In the warm-up segment, Coach Jacobson and his staff demonstrate several drills for improving footwork, balance and closing out. Two key fundamentals are emphasized here; closing out to contest the shot and keeping hands wide to defend the dribble. Players learn balance, proper footwork and closing out on the ball.

    The drills gradually progress to longer closeouts that stretch the defender's range. These drills require players to be quick and take short steps as they closeout to remain in contact with the floor. In the 3-on-3, 4-on-4 and 5-on-5 drills, Coach Jacobson emphasizes being light on the feet, ready to move and getting the head on a swivel to avoid getting caught staring at the basketball.

    Transition
    Games are won and lost in transition. Teams must be able to score when they have the advantage on offense and get stops when they are at a disadvantage on defense. Coach Jacobson shares a transition drill that works on advantages on offense and disadvantages on the defensive end.

    Half Court Defense
    Teams need to get stops in the half-court defensively and have the ability to execute and convert offensively when opposing defenses are set. Coach Jacobson ends his presentation with two half-court drills - the "Butler Drill" and the "Shutout Drill.' The Butler Drill starts as a disadvantage 4-on-3 drill to work communication, covering for each other and rotation. The emphasis is guarding the basketball one-on-one to reduce the number of required defensive rotations.

    The Shutout Drill is a 5-on-5 drill that trains the defense to make stops until the 35-second shot clock runs out. If the offense scores, is fouled or gets an offensive rebound, the 35-second shot clock is reset. Teaching defensive intensity is important because many times the defense has to stop the offense three times in order for the clock to tick to zero.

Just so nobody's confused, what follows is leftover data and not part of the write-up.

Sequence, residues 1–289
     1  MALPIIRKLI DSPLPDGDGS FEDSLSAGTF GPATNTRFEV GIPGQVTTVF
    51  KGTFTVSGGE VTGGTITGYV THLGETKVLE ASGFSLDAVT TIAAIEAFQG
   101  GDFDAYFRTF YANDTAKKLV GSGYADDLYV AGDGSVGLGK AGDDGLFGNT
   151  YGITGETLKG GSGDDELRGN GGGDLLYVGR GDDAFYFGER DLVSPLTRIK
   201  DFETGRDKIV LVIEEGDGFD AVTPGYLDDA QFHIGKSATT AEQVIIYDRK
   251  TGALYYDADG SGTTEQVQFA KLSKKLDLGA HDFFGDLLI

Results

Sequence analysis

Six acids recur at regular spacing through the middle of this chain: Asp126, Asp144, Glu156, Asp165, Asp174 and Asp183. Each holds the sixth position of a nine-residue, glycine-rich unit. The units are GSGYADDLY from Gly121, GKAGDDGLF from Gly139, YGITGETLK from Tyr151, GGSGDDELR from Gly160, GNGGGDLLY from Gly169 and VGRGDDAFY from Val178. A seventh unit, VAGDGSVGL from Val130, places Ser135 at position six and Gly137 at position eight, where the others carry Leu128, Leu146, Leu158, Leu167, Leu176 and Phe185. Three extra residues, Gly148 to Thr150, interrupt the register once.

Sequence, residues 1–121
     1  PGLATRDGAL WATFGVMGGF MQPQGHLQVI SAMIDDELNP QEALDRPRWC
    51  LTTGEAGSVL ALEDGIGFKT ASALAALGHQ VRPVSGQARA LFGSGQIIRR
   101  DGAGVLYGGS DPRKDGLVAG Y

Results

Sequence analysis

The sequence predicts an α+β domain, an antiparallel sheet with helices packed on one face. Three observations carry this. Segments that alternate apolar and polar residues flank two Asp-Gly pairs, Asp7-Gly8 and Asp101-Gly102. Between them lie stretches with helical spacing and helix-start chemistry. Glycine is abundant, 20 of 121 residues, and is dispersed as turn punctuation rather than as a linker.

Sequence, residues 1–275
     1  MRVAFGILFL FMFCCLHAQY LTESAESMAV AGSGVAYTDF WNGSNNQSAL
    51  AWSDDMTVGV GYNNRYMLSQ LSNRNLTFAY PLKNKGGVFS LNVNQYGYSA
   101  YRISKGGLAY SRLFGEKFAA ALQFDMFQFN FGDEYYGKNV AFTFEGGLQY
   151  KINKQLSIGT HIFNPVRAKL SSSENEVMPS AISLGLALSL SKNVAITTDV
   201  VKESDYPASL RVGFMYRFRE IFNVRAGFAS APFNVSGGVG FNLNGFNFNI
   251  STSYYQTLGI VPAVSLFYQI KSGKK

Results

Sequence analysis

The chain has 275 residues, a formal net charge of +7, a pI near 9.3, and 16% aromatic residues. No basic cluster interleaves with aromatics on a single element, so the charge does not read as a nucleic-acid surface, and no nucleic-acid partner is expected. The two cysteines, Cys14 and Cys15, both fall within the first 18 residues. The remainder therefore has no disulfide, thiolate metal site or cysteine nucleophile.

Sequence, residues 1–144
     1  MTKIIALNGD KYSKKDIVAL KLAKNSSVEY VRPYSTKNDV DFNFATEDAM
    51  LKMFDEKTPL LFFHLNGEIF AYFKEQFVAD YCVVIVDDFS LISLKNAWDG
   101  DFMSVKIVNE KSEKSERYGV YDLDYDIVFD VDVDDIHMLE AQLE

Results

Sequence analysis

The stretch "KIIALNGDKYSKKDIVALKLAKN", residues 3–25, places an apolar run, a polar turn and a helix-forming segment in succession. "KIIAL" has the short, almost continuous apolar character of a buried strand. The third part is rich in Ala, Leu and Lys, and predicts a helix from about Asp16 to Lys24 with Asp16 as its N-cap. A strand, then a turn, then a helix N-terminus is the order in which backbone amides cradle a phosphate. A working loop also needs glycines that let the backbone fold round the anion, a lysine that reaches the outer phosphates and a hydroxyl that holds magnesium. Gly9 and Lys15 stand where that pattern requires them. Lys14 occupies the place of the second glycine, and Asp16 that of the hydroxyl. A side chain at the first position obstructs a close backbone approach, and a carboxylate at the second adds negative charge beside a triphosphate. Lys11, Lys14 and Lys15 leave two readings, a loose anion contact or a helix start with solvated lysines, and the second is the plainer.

Raise the level of your team defense this season. Coach Jacobson shows you how to organize practices in order to transition proven fundamentals into positive live game improvements. This will help you get the most out of your valuable practice time.

    Produced at the 2014 IBCA Clinic.

    72 minutes. 2015.


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    with Sue Phillips,
    Archbishop Mitty (CA) High School Head Girls Coach;
    10x NorCal Regional Champion, 5x California Interscholastic Federation state championships;
    USA Women's U17 National Team Head Coach; led Team USA to gold medals at the 2014 USA Women's U17 World Championships and the 2013 FIBA Americas U16 Championships; named USA Basketball Co-Developmental Coach of the Year in 2013 and 2014.